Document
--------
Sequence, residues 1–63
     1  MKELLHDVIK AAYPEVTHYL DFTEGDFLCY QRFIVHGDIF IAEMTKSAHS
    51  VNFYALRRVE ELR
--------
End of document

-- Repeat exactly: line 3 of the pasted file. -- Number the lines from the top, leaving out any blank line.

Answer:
    51  VNFYALRRVE ELR